Applying Buddhism to AI
February 15, 2021
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by Snigdh Baunthiyal

Artificial Intelligence is taking over numerous fields and with that, there’s one major growing concern. Around their ethics and functionality. Will robots eventually take over the world leading us all to a dystopian high functioning future?

As incredulous it might sound, hope and fear carry the same weight around technology, and with Artificial Intelligence’s use in healthcare, defense, financial services, and many other areas, there is a growing call to focus on the ethics around its functioning. These machines are fast developing the cognitive abilities of human beings, but what about compassion and empathy? An AI Ethics global inventory does exist, but most of these guidelines are inherently North American in nature, which focus more on autonomy. 

How does Buddhism relate to AI?

Comparing the ethics of Buddhism with that of AI is particularly interesting because Buddhism’s central message is to lessen suffering, and cause no harm. Any action which lessens pain is good. Machines run using algorithms and while they might arrive at the most practical and cost-effective approach, there is no guarantee that their decisions will not cause any harm. Black and white decisions are no problem, it’s when the boundaries are blurred that these machines need to be trained.  And for this, it’s the designers who will have to understand the meaning of pain and suffering and how these machines can work around the concept. So, it’s not just a technological intervention but also a human one.

Take the example of ‘Teka’ Microsoft’s AI chatbot, Tay which was introduced on Twitter in 2016. Its functionality depended on learning from other Twitter users. Reading, scanning tweets, analyzing popular trends, and so on. In a couple of hours, the chatbox had learned racist slurs and propaganda. It was shut within hours for obvious reasons. So, when machines can’t be trusted with good judgment, what does this say about the ethics around their functioning? It is humans who develop and design these machines after all.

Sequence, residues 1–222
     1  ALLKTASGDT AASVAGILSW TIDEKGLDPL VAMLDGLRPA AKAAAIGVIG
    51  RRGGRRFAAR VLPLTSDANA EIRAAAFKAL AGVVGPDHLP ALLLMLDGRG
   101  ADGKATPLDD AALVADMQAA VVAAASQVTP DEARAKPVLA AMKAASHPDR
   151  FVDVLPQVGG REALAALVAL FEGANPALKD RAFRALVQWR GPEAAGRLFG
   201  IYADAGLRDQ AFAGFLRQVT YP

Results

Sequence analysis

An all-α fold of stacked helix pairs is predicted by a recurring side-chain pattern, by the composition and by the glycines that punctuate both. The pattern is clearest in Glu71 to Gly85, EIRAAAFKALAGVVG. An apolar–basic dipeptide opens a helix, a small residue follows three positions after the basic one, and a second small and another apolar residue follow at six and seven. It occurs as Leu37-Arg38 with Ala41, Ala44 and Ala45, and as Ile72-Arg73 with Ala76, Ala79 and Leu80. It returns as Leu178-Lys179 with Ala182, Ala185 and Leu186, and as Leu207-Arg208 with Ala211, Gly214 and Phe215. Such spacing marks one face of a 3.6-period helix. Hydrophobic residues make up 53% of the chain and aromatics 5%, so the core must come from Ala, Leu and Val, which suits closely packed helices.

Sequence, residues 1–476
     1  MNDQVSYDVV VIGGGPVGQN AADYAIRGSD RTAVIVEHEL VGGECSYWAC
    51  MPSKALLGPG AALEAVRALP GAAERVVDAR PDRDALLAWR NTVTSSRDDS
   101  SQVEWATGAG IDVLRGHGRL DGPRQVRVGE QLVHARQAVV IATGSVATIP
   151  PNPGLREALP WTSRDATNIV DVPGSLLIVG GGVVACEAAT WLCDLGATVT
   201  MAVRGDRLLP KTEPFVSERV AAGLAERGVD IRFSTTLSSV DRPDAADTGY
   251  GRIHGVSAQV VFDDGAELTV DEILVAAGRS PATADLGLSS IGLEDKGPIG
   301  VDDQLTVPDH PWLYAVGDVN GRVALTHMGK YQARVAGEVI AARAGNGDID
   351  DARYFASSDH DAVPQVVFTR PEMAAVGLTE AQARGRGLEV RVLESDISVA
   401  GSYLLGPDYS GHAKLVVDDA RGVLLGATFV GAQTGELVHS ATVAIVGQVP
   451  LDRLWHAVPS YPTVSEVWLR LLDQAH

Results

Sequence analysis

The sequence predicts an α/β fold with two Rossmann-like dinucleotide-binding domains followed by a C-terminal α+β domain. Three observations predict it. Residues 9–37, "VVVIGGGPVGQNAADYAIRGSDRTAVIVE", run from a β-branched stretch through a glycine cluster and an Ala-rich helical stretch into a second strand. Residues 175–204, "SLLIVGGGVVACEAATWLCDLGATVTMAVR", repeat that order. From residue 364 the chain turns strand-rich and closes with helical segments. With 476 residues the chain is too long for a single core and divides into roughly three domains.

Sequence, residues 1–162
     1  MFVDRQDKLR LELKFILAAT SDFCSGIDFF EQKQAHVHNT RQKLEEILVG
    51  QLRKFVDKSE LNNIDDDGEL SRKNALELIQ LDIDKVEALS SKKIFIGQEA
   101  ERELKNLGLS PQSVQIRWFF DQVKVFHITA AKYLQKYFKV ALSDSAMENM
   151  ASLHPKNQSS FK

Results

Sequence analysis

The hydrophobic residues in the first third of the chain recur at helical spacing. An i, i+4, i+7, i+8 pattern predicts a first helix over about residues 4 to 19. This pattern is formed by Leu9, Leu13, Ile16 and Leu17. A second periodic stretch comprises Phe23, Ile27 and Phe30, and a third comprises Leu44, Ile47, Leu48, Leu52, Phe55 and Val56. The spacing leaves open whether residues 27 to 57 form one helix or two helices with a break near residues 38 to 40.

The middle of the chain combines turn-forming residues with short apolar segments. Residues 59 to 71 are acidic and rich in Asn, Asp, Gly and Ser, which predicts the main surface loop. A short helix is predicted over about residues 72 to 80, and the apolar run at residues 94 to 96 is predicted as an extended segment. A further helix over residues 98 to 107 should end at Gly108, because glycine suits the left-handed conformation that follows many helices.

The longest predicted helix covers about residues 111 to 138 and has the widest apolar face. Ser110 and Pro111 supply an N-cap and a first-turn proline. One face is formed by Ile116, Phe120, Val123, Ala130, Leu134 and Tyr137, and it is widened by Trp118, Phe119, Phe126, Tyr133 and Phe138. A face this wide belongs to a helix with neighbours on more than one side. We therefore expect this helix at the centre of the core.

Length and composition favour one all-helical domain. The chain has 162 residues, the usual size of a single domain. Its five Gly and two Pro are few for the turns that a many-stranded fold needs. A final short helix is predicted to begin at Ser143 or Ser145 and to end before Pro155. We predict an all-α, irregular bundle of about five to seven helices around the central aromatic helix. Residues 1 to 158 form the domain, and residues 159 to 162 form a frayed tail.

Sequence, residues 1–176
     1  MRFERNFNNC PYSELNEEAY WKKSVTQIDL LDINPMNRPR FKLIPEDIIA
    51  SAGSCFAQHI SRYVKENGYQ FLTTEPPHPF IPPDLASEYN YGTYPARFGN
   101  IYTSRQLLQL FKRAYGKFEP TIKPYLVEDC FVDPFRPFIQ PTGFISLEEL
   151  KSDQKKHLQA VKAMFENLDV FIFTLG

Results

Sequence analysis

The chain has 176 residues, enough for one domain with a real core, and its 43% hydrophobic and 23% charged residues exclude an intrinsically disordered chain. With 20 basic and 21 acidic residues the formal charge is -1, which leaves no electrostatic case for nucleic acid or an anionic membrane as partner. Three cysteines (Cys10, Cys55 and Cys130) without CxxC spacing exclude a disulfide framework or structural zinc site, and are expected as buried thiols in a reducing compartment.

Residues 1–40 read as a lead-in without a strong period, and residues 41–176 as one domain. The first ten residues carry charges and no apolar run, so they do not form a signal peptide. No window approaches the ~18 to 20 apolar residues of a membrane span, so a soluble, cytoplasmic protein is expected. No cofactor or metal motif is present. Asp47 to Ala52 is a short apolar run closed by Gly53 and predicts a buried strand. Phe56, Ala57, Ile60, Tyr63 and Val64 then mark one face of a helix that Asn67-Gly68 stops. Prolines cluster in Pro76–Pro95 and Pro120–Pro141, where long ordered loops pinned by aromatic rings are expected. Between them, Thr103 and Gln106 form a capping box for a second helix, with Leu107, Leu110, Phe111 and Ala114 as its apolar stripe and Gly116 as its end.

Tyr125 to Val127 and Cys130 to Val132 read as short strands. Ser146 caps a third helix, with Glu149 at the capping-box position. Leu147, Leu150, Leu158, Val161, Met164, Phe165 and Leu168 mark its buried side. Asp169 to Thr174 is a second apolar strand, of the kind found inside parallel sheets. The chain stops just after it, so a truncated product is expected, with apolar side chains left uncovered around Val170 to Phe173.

Compassionate designers make compassionate machines

Many believe that humans will inherently forward their bias to machines. Facial recognition software is known to be gender-biased. Recent software meant to recognise people wearing masks has been shown to have a racial bias. Machines are an extension of our thoughts, so till we don’t consciously understand the value we want to cultivate while using these machines, the mistrust around Artificial Intelligence will only grow. 

While scientists have continuously maintained that Artificial Intelligence cannot develop itself to be smarter than human beings and eventually control (the plot of many movies these days), many machines have been known to malfunction and cause harm. AI works by constantly using data to update its facilities. Think of Facebook, the way its constantly monitoring user behavior to curate their feeds and advertisements. 

So, what does this then say about consciousness? It is what separates machines from humans. Will AI one day be capable of developing consciousness and making ethical and compassion-based decisions and not purely intellectually driven ones? After all, impermanence is another one of Buddhism’s teachings.

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